Everyone knows how to add, subtract, multiply and divide with pencil and paper; but do you know how to find *square roots* without a calculator? (Incidentally, I highly recommend reading The Feeling of Power by Isaac Asimov, a short story about a future in which humans are so reliant on computers that they have forgotten how to do arithmetic.)

An obvious method is to *guess and check* while keeping track of lower and upper bounds. For example, if we wanted to find the square root if 7, we might start by guessing that the square root is 2. Computing , we see that 2 is too small. So we try 3: , so 3 is too big! So we know the square root of 7 must be somewhere in between 2 and 3. Let’s try 2.5: . So 2.5 is too small, and the square root of 7 is somewhere between 2.5 and 3. We might try 2.7 next (too big), and so on.

This works, but it is extremely tedious and inefficient! We can cut the search range in half at each step, but this means that on average we only add a single new decimal place every 3.3 steps or so (). Not to mention that at each step we have to compute the square of increasingly long numbers. There are at least two better methods; I’ll share one of them today and one in a future post.

The first method is often called the “Babylonian method” since it was known to the ancient Babylonians. Here’s how it works. Say we are trying to find the square root of *N*. Just like with the guess and check method, we start out with some guess *R*. Then we compute a new value for *R* as follows:

Repeating this process will result in closer and closer approximations to .

Let’s try an example, again using and as our initial guess. We can compute a few iterations of the process according to the above formula:

How close did we get? The true value of , to 15 decimal places, is

(Incidentally, I computed this using Wolfram|Alpha by typing “sqrt 7 to 15 digits”.) Here are our approximations, with the correct decimal places in bold:

Wow! That converges pretty fast. In fact, this method converges *quadratically*—the number of correct decimal places approximately *doubles* with every step!

So, why does this work? Well, first of all, note that if (that is, if *R* is a fixed point of this operation), then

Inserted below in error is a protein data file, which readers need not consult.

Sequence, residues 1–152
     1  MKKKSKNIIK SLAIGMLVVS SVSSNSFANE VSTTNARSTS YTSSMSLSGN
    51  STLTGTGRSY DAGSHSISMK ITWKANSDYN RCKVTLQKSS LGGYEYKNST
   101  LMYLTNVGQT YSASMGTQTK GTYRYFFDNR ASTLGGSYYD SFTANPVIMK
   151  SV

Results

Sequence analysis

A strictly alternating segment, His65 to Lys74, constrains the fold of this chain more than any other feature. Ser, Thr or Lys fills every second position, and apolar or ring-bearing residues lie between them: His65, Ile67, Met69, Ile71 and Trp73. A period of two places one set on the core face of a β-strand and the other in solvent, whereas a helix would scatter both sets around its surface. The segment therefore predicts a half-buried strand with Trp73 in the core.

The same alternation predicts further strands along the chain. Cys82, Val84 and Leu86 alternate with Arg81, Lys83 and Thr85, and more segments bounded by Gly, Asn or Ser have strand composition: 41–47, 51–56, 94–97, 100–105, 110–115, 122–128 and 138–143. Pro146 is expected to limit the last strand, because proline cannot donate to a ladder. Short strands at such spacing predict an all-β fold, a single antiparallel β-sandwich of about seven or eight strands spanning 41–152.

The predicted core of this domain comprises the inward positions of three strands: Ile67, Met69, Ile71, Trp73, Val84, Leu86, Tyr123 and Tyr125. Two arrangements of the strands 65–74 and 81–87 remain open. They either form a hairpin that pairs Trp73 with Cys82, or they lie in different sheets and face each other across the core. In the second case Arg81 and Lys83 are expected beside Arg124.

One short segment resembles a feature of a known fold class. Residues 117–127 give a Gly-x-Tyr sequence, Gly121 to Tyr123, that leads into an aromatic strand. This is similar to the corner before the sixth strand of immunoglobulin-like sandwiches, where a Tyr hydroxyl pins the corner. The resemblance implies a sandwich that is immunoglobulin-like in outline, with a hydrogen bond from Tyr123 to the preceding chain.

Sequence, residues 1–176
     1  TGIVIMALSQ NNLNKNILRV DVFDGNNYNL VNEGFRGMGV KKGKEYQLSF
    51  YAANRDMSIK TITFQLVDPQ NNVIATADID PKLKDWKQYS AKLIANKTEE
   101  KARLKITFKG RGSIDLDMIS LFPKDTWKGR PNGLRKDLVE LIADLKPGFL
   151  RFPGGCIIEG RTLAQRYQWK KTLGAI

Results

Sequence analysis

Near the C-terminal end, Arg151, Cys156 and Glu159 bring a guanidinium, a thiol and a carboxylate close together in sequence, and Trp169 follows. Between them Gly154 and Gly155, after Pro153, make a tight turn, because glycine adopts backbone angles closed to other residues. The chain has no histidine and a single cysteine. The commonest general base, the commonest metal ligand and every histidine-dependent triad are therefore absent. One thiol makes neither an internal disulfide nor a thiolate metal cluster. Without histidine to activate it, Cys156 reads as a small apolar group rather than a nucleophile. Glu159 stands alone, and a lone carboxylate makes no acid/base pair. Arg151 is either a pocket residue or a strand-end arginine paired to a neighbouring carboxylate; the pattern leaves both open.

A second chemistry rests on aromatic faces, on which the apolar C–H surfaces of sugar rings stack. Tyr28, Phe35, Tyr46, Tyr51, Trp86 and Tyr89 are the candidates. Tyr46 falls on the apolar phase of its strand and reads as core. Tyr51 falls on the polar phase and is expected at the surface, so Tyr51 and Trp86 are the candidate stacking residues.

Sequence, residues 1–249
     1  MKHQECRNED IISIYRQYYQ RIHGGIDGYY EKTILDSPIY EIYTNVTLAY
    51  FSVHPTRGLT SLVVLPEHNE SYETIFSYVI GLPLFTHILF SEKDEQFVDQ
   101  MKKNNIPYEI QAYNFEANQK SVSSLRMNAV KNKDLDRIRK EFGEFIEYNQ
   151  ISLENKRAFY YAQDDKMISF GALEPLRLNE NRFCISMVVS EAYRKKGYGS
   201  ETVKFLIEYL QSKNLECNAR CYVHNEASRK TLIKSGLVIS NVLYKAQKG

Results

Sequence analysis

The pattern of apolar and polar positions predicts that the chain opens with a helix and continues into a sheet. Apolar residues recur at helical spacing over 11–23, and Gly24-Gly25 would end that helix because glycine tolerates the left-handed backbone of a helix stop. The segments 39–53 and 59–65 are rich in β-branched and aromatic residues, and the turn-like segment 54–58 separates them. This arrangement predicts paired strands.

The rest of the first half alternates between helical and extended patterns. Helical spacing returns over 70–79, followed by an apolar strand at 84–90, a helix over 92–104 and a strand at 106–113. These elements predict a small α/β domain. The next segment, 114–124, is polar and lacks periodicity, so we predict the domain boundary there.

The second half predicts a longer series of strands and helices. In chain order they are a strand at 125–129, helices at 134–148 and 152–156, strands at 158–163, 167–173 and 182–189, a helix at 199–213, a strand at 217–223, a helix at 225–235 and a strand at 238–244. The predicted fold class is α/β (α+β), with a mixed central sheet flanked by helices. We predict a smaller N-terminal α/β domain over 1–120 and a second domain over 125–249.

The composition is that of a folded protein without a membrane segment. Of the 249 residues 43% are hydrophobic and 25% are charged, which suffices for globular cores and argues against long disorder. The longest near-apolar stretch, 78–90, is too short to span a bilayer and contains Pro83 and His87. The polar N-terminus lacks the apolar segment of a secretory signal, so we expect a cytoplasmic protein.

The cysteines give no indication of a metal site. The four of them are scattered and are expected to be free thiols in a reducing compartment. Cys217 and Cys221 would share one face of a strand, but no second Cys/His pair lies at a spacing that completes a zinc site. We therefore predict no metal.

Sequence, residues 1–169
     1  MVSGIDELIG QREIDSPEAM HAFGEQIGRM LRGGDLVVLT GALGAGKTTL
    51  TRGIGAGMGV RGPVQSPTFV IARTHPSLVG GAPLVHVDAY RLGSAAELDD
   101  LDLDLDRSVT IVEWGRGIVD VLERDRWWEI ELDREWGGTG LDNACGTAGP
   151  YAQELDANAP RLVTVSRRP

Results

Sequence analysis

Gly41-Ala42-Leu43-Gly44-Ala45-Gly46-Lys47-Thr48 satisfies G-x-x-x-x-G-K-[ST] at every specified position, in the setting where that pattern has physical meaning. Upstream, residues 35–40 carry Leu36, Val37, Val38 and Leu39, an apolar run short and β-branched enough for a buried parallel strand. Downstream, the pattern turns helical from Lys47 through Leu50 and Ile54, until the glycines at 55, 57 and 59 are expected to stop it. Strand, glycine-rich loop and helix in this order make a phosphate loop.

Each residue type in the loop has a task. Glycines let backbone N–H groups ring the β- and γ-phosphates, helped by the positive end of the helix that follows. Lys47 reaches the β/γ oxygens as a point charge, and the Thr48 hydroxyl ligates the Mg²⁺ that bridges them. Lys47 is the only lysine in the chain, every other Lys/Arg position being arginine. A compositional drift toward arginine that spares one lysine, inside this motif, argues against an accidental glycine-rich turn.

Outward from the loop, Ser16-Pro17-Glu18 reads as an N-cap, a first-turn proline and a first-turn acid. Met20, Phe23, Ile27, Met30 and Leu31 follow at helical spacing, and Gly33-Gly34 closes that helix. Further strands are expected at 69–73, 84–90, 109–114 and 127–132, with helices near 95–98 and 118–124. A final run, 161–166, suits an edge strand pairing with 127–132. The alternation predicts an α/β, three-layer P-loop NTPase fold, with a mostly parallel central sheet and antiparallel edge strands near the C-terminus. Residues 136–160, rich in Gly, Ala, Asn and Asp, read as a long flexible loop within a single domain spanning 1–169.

Also, it is not too hard to see that must lie in between and , since ; so taking their average (which is essentially what the Babylonian method does) will necessarily give us a better approximation to at each step.

The Babylonian method is one of the fastest-converging methods for computing square roots, but it can be somewhat inconvenient. You have to choose whether to do all the calculations with fractions and then convert to a decimal representation at the end (as I did above), which means you have to deal with multiplying rather large numbers; or use a decimal representation throughout, which means you have to do some annoying long division. There’s another method which doesn’t converge as quickly but can be much more convenient, since it explicitly uses decimal notation and involves somewhat more manageable operations; I’ll describe this other method in an upcoming post.

For more reading on the Babylonian method and a number of related generalizations, check out this MathPages article.

Hi Brent,

Nice post. Just wanted to add that this method could also be considered a special case of Newton’s Method applied to the equatiion .

Hi meichenl, excellent point!

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Hi.

If something doubles after each iteration, it is exponential, not quadratic (compute 2^n for a few n if you don’t believe me). If the number of digits doubles after each iteration, it is actually double exponential in the number itself, because each digit is already exponentially valued (i.e., a0/10^0 + a1/10^1 + a2/10^2 + …).

Remember, we are talking about the number of digits after the decimal point, not the number of digits of an integer. You are right that if we had a sequence of integers where the number of digits doubled at each step, the sequence would be growing doubly exponentially. However, for the Babylonian method we are not talking about a rate of growth, but a rate of convergence. The sort of convergence exhibited by the Babylonian method is indeed called quadratic convergence, as you can read about here: http://en.wikipedia.org/wiki/Quadratic_convergence.

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